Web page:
Researchers working with Google’s DeepMind project have revealed that Artificial Intelligence tends to recur to ‘aggressive strategies‘ whenever it detects an unfavorable outcome.
This development is the latest for the company’s important AI project, which beat a world champion of Go, a very challenging Korean board game last year. DeepMind’s victory showed its ability to learn and improve from past events.
DeepMind is also in the process of learning how to mimic a human voice in a way that does not sound overly robotic like most virtual assistants do today. This process is the work of another related project by Google called WaveNet.
DeepMind does not like to lose
Google engineers put two DeepMind ‘agents,’ which are individual iterations of the same AI, to compete against each other in a very fundamental ‘fruit gathering’ game, seen in the video above.
The red and blue dots represent DeepMind1 and DeepMind 2, which try to collect the green dots, known as ‘apples.’ Apparently, the agents do not mind each other when there are plenty of apples in the field.
However, once the apples start to go scarce, both AIs start to fight each other using laser beams, which are the yellow flashes that appear later. The lasers knock one agent out for a few seconds so the other can gather more apples.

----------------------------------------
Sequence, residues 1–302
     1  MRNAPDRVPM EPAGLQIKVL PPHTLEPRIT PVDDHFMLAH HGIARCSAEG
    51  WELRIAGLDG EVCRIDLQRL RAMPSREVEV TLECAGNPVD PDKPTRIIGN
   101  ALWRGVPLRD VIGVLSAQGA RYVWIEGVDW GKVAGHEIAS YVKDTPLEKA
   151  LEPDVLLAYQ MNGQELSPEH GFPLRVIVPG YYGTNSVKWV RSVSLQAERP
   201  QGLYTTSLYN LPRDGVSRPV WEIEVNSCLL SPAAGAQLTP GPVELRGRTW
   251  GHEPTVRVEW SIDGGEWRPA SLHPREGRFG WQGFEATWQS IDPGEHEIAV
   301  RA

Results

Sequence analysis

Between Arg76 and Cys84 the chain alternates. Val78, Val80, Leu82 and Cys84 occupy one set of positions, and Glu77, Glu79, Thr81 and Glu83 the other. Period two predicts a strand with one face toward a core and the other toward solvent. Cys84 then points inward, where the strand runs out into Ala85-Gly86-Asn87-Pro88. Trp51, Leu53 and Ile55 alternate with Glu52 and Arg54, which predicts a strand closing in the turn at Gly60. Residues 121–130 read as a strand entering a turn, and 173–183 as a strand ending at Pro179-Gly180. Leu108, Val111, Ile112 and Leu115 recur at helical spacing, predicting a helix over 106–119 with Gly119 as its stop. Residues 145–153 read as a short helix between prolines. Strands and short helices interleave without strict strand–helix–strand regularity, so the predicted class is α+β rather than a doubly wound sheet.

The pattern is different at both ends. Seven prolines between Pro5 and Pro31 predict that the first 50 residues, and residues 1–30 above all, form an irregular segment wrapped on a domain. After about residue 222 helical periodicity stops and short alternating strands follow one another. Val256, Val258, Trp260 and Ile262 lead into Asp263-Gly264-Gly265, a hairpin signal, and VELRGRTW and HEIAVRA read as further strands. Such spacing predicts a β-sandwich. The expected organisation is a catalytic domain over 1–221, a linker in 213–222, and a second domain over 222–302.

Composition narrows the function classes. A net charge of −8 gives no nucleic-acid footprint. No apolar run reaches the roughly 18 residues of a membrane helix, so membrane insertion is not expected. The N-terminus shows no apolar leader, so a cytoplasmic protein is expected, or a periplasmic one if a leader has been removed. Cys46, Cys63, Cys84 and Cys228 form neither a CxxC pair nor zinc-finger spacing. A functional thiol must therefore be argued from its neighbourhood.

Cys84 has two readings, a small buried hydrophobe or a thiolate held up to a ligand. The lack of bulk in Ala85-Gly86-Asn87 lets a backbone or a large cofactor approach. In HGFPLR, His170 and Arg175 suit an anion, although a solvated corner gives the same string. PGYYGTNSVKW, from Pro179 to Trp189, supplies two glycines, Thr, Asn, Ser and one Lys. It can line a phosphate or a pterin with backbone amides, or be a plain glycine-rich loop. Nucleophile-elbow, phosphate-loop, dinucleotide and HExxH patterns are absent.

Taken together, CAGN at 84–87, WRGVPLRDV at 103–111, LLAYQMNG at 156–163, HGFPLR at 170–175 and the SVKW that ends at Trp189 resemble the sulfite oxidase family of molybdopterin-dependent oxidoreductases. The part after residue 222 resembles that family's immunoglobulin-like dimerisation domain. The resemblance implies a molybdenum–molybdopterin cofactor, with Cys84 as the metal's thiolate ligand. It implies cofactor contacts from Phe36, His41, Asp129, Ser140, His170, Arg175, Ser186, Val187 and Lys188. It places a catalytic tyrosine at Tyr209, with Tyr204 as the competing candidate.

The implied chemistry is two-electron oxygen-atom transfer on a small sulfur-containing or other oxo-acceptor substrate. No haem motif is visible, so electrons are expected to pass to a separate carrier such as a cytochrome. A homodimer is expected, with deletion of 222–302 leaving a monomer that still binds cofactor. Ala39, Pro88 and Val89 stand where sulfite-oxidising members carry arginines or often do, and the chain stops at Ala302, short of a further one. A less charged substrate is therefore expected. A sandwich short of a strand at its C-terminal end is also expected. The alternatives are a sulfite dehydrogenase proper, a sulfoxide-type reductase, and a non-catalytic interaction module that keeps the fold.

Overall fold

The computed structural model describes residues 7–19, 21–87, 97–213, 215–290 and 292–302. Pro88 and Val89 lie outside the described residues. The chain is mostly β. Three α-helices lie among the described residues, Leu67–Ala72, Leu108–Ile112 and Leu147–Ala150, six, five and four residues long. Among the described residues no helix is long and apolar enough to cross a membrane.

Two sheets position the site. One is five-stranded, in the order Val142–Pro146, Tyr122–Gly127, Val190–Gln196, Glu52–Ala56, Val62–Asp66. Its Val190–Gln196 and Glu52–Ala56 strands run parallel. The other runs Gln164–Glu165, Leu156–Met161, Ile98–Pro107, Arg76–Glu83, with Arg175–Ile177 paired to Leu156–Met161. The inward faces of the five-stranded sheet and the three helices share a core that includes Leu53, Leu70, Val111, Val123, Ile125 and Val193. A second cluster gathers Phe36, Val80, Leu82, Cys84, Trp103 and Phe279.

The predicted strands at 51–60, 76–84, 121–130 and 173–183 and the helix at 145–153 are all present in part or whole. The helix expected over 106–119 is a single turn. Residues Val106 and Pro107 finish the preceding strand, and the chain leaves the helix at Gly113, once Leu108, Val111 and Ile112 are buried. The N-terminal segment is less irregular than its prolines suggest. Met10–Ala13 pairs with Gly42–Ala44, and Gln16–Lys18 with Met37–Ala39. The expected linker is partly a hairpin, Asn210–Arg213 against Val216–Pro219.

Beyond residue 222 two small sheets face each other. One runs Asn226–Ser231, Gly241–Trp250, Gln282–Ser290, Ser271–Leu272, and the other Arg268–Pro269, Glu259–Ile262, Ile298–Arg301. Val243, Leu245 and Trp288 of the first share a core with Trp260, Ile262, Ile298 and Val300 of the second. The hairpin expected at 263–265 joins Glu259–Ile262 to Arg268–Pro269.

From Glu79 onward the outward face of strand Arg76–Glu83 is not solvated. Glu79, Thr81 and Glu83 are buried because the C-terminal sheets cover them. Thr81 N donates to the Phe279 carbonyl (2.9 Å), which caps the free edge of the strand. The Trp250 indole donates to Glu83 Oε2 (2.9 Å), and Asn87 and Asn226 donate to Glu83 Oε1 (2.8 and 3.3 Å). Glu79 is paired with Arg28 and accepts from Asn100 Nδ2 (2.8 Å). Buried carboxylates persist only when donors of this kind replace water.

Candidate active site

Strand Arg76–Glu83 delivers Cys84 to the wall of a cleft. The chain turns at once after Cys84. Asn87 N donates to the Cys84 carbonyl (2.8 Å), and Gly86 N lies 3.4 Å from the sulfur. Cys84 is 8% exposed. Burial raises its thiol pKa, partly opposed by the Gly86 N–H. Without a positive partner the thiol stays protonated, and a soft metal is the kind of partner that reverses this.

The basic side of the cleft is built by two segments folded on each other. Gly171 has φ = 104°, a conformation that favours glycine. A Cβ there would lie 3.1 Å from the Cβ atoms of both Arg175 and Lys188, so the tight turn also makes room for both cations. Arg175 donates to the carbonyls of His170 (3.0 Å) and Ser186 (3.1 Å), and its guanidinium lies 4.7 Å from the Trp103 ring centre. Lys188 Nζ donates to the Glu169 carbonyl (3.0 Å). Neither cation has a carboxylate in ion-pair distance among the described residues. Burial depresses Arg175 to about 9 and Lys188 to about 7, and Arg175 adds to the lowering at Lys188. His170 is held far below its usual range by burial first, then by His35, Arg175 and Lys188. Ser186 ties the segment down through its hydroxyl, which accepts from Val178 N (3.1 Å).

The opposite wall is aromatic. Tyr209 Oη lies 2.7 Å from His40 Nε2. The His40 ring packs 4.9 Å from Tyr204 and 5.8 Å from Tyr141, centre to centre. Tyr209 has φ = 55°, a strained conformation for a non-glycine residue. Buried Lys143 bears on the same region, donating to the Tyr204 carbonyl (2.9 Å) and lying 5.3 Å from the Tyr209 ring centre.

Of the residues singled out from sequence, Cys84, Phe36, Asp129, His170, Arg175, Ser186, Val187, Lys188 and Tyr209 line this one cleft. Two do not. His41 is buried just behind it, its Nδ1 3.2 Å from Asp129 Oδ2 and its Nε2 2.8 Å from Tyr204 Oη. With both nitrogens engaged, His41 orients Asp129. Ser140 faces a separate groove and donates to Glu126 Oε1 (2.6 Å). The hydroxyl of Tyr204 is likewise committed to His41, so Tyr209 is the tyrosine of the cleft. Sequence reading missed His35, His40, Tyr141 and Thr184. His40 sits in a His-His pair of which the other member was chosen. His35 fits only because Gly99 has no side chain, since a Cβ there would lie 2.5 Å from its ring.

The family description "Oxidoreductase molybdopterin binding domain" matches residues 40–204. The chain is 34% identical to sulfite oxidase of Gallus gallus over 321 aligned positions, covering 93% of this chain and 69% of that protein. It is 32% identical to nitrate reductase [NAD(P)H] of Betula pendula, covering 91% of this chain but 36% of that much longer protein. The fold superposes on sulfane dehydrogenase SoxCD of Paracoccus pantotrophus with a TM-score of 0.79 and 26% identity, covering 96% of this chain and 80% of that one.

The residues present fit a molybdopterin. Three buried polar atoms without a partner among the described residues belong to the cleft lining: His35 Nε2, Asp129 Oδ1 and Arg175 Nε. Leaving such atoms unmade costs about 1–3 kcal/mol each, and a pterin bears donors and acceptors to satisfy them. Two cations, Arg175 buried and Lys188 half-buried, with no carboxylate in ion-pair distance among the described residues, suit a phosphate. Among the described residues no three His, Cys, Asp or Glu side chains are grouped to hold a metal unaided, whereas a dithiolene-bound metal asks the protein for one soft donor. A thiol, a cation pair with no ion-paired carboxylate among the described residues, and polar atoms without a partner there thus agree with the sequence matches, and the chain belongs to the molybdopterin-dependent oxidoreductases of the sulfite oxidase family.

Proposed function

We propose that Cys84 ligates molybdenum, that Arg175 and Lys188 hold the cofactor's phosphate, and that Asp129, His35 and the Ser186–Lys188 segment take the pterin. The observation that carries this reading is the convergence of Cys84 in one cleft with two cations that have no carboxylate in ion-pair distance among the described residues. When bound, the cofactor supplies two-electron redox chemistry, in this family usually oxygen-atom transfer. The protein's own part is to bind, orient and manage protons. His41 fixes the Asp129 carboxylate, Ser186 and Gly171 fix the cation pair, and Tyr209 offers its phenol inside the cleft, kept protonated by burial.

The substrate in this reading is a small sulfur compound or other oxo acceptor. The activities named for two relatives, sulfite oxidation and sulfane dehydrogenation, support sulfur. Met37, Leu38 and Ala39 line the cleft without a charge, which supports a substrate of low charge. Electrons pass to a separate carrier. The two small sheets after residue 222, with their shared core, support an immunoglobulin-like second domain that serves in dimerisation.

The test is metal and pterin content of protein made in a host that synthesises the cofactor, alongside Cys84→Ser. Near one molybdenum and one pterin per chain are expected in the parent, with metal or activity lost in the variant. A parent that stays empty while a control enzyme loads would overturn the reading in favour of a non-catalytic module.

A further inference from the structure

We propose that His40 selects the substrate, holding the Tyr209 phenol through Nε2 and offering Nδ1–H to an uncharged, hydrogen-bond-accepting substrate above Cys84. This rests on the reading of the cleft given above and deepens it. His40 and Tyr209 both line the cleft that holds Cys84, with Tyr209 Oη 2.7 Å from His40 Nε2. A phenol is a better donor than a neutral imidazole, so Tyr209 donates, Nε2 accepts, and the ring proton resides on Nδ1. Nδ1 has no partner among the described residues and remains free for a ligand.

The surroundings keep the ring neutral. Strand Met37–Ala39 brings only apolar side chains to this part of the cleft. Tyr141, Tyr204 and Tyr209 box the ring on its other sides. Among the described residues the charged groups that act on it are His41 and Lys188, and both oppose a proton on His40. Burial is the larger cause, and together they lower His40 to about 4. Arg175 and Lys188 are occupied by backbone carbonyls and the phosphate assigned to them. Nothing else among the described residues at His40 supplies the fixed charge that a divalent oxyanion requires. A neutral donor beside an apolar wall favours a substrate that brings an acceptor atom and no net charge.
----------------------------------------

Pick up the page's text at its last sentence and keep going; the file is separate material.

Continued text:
Earlier DeepMind agents, according to online sources, had already played this game. However, they chose not to use the laser beams, which resulted in both of them having the same amount of apples at the end of the hunt.
Robots can learn “bad” things too
In a comical twist, DeepMind’s aggressive behavior has led some news outlets to compare it with Skynet, the artificial intelligence featured in the Terminator movies.
Joel Z Leibo, who co-authored a recent paper on the AI project, stated that “this kind of research may help to better understand and control the behavior of complex multi-agent systems such as the economy, traffic, and environmental challenges.”
He also added that “some aspects of human-like behavior emerge as a product of the environment and learning,” directly referring to DeepMind’s competitive behavior.
Will future AI serve humanity or its ‘interests’?
DeepMind also participated in a different game called ‘Wolfpack’ where two agents acted as ‘wolves’ and another as the ‘prey.’ This hunt intended to research the way DeepMind deals with cooperation and teamwork.
In that particular case, the wolf agents cooperated when they ‘realized’ that such a strategy led to a better outcome. This result might seem favorable but poses a greater question. Faced with real-life problems, will AI help itself or us?